Part 13 (Nazi Occupation)
We survived but the winter was very, very hard. We were constantly scavenging for food and fuel.
Click on images to enlarge.
Surviving the First Winter
The apartment on Bankova Street had central heating, but it was not working. Initially the water was turned off as well and we had to get it from outside. My family and I lived in the tiny kitchen which had a shelf high up for sleeping and that’s where we slept. The kitchen had a wood stove but finding fuel was a problem.
After we moved there I met two girls, Rima and Lida. One was (I think) a year and the other a couple of years older than me, and we always did things together. We would go into the destroyed buildings and salvage whatever wood there was left to heat our homes. The biggest “treasure” was unburnt wooden beams. We threw rope around them and pulled them down. At the end of the day we would split our “loot”.
We also stole peat that was dumped outside the Nazi government headquarters across Bankova street. It was scary but we felt patriotic stealing from the Nazis. Occasionally my parents were able to get long logs of oak or pine. Rima and I would saw these and split them. I loved sawing wood. My father tried to do it with me once. He could not hold the saw straight and kept on blaming me. My father was not suited to any of the survival skills.
Government building across Bankova street from Rena’s apartment. The street looks much nicer than she remembers.
Photo by Håkan Henriksson
The winter was very, very hard. It was the coldest winter in our memory. If we had frozen potatoes we would grind them up. I still remember how terrible the frozen potatoes tasted. Food was very scarce. We would walk to villages and my parents would exchange things at the bazaar. I remember walking with my mother with a sled through the snow to find food. I was so tired that I thought I’d never get back.
Our staples were salt pork, potatoes, and whole wheat flour. Before I never had much of an appetite but that winter I did. I was always hungry.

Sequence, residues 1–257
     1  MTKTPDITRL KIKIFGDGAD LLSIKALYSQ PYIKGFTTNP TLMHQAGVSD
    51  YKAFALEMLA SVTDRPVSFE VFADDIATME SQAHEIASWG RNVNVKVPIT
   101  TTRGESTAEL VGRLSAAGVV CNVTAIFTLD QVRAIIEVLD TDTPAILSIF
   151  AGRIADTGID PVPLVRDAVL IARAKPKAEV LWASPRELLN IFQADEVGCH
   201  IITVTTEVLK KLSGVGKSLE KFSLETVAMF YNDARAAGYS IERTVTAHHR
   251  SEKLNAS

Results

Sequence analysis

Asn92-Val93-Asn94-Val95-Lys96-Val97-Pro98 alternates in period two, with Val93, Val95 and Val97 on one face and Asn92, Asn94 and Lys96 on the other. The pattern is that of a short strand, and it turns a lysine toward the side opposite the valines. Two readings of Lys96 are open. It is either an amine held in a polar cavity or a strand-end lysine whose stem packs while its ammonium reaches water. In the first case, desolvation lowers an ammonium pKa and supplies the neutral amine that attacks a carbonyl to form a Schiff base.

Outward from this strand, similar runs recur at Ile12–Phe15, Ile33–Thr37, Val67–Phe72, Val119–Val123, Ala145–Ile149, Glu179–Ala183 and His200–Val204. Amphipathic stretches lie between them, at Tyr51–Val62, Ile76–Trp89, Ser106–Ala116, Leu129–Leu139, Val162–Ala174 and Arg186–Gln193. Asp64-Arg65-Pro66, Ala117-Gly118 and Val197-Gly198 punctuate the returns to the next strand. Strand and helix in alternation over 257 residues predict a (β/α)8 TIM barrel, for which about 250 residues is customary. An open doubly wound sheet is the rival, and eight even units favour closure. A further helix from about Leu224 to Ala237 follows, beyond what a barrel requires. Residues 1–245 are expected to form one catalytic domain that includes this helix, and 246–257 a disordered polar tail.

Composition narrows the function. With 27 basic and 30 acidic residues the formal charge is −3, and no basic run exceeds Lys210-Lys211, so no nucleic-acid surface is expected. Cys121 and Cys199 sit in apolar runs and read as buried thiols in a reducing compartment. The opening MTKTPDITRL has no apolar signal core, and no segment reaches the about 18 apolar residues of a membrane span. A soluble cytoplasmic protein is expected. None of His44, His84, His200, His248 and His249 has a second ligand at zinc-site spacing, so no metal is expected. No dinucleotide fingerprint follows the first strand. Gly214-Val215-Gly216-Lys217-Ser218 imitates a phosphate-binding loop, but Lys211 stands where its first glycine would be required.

My mother didn’t do well. She was very skinny and had some kind of sores due to malnutrition. I don’t remember being sick or suffering or anything like that. In fact I was healthier than I was before. It might have been just the stage of my development. I turned twelve years old that first winter.
From the English language Wikipedia article Hunger Plan:
The Hunger Plan (German: der Hungerplan; der Backe-Plan) was a plan developed by Nazi Germany during World War II to seize food from the Soviet Union and give it to German soldiers and civilians; the plan entailed the death by starvation of millions of "racially inferior" Slavs following Operation Barbarossa, the 1941 invasion of the Soviet Union
Fritz Gieseler, the Black Market and a Special Wool Dress
It must have been toward the end of the first winter that my parents met a German civil servant, Fritz Gieseler. He was in his early fifties so he was too old to be in the army. Fritz came to Kiev to work for the German civil government which used the building across Bankova street from our apartment. It was the same building from which we stole peat.
Fritz was a Russophile. He fought with the foreign legionnaires in Siberia during World War I. He spoke fluent Russian and wanted to be friends with educated Russians. The German government officials (mostly Nazis) hired Russian housekeepers. Fritz asked my mother to help him with his apartment and he enjoyed my parents companionship. He was a friend as well as an employer.
My parents claimed that Fritz saved us from starvation. He fed my parents and I much better than he realized. If he knew the liberties we took with his food card he would have disowned us (this is my present thought). The short version of the story is that we stole vodka and cigarettes that I traded for food. I will give the details below.